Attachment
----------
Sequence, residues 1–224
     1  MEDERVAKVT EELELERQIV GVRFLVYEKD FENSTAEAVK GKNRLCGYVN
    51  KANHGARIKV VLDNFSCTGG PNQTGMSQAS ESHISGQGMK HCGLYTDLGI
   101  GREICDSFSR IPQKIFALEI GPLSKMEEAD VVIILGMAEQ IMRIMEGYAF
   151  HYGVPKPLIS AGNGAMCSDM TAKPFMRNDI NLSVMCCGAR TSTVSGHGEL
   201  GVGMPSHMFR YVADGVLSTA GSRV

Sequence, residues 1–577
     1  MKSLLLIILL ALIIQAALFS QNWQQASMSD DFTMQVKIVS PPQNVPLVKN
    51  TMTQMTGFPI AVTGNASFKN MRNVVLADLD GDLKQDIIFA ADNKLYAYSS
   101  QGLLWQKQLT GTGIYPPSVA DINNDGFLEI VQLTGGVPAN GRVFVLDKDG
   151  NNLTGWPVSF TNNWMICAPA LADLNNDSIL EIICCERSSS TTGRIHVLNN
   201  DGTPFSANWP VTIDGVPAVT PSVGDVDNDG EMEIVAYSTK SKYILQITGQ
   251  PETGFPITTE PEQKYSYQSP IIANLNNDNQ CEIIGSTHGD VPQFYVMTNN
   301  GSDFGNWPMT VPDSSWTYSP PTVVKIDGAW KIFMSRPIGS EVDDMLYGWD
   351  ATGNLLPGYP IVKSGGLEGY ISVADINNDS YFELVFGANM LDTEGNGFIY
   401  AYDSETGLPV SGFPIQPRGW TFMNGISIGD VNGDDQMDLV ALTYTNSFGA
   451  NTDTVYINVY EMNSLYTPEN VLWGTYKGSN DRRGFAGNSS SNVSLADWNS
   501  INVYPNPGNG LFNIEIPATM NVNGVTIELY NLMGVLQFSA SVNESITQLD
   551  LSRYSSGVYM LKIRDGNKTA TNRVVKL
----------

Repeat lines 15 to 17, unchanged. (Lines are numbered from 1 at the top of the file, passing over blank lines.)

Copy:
   351  ATGNLLPGYP IVKSGGLEGY ISVADINNDS YFELVFGANM LDTEGNGFIY
   401  AYDSETGLPV SGFPIQPRGW TFMNGISIGD VNGDDQMDLV ALTYTNSFGA
   451  NTDTVYINVY EMNSLYTPEN VLWGTYKGSN DRRGFAGNSS SNVSLADWNS